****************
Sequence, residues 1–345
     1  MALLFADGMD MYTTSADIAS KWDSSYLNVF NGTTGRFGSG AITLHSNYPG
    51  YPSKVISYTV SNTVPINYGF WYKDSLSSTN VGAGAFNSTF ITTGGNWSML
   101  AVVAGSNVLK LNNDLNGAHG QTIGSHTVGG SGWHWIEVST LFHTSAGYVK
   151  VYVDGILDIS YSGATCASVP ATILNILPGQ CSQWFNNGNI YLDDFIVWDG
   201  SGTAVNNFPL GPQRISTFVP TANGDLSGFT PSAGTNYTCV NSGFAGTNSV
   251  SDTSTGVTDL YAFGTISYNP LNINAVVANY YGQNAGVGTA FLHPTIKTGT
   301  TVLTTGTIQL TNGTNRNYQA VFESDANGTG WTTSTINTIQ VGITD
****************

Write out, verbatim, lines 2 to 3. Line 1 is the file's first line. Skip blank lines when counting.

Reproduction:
     1  MALLFADGMD MYTTSADIAS KWDSSYLNVF NGTTGRFGSG AITLHSNYPG
    51  YPSKVISYTV SNTVPINYGF WYKDSLSSTN VGAGAFNSTF ITTGGNWSML